Heating equipment is a significant investment for homeowners, so you should choose your new unit carefully. Here are some important factors to consider when buying a new furnace.
Annual Fuel Utilization Energy Efficiency (AFUE)
A furnace’s efficiency is measured by its annual fuel utilization efficiency (AFUE), a percentage which represents a unit’s annual heat output compared to the energy consumed. For example, an AFUE of 90% means that 90% of the energy put into the furnace becomes heat for the home. The other 10% is lost through the chimney and elsewhere. Finding out a new furnace’s AFUE is not difficult. The Federal Trade Commission requires new furnaces to display their AFUE so you can more easily compare various models.
You can identify and compare a system’s efficiency by not only its AFUE but also by its equipment features. Old, low-efficiency heating systems only have AFUEs between 56% – 70%. They also have a heavy heat exchanger, continuous pilot light, and a natural draft that creates a flow of combustion gases. Mid-efficiency heating systems possess AFUEs between 80% – 83%, electronic ignition (no pilot light), and an exhaust fan that controls the flow of combustion air and combustion gases more precisely. High-efficiency heating systems possess AFUEs between 90% – 98.5%, sealed combustion, and they condense flue gases in a second heat exchanger (for extra efficiency).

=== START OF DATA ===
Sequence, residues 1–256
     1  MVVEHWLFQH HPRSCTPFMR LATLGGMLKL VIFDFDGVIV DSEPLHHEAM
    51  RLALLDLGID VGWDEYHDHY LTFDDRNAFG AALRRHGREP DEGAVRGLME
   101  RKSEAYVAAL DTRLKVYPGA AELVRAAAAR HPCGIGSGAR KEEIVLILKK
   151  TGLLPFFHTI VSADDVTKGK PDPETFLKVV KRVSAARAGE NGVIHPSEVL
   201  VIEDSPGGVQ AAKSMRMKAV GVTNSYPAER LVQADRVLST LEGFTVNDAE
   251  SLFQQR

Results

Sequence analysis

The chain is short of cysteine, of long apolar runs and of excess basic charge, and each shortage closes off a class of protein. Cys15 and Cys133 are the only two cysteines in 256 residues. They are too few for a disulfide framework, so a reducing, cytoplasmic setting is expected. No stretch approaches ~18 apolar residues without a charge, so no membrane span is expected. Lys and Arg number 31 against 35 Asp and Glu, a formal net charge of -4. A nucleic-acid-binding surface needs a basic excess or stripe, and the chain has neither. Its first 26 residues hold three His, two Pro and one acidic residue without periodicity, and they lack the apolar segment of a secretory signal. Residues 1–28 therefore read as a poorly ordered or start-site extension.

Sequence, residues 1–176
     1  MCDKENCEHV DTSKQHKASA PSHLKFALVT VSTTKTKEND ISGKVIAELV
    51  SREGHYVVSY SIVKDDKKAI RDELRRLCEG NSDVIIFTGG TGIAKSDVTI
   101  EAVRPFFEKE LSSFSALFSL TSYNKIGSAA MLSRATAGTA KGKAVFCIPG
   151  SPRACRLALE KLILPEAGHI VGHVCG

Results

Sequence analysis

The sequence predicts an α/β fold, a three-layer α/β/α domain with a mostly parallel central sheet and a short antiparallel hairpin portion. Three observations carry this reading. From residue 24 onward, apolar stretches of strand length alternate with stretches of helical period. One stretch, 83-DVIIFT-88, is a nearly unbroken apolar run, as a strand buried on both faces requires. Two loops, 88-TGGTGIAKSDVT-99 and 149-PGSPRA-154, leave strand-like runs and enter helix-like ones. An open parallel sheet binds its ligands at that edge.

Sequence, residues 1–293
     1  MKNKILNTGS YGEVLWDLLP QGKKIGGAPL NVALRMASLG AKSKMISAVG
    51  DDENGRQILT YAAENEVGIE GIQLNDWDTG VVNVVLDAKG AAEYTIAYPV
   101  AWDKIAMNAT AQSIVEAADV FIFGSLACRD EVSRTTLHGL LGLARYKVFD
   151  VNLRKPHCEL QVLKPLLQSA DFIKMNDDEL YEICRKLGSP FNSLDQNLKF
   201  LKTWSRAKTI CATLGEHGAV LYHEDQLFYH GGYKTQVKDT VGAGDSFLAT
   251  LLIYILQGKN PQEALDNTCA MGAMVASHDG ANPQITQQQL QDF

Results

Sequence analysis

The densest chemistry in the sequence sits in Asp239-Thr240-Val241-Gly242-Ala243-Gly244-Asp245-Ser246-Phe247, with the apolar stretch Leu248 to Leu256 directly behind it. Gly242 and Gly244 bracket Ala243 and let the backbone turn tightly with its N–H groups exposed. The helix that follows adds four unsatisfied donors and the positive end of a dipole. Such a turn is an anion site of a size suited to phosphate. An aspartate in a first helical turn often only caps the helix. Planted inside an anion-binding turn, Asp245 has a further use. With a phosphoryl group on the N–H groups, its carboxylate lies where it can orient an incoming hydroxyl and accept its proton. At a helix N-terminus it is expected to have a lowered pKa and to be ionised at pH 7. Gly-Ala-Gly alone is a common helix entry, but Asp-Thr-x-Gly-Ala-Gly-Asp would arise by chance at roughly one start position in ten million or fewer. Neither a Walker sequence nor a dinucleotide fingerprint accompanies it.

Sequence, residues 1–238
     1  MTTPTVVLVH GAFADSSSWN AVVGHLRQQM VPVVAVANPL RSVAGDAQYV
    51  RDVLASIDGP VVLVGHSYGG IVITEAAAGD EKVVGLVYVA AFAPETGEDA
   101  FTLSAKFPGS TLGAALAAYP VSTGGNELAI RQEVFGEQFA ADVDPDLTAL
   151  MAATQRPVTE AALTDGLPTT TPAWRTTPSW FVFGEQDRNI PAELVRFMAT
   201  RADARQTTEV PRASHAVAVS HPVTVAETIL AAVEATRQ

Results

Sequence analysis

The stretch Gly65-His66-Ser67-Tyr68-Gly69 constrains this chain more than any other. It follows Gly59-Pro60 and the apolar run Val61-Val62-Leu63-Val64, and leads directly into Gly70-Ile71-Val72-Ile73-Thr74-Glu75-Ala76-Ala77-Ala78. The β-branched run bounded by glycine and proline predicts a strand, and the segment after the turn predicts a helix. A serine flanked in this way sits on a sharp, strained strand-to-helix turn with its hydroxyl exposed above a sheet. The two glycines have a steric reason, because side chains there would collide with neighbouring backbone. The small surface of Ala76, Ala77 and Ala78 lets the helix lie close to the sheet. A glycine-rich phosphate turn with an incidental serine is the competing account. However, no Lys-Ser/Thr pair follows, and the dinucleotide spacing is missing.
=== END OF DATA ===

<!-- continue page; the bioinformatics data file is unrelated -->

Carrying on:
Single-Stage, Two-Stage, and Modulating Furnaces
- Single-Stage Furnaces: A single-stage furnace (also known as a single speed furnace) uses one setting—high—to heat your home. Single-stage furnaces operate at maximum capacity, all the time, using 100% of their resources to heat a home, regardless of the temperature outdoors or in certain areas of your home. This type of furnace is often the least energy efficient and can lead to increased utility bills.
- Two-Stage Furnaces: Two-stage furnaces (also known as two-speed furnaces) operate with two settings. The first stage supplies heat to your home by using approximately 65% of the furnace’s total capacity. When outside temperatures drop and the first stage is unable to meet your home’s heating needs, the second stage kicks in. Two-stage furnaces are quieter than single-stage furnaces because they don’t operate at 100% capacity every time they run, which also creates less carbon dioxide emissions for the environment.
- Modulating Furnaces: A modulating furnace (also known as a variable speed furnace) is the most energy efficient and most accurately heating furnace. A modulating furnace can control the temperature in your home to within a half-degree of your desired temperature, compared to a 4 to 6 degree variant in single-stage and two-stage furnaces. In a modulating furnace, the unit’s fan is capable of circulating air throughout your HVAC system at all times, resulting in improved airflow, increased temperature and humidity control, and an overall more comfortable environment. When initially turned on, a modulating furnace will begin heating using 100% of its fuel. After warming up, the furnace will decrease the amount of fuel used and increase its fan intensity to maximize energy efficiency and improve air circulation. This can result in less energy consumption and lower utility bills every month.
If you are in the market for a new furnace, call the professionals at Atlanta Air Care today. We can help you make the right choice for your home.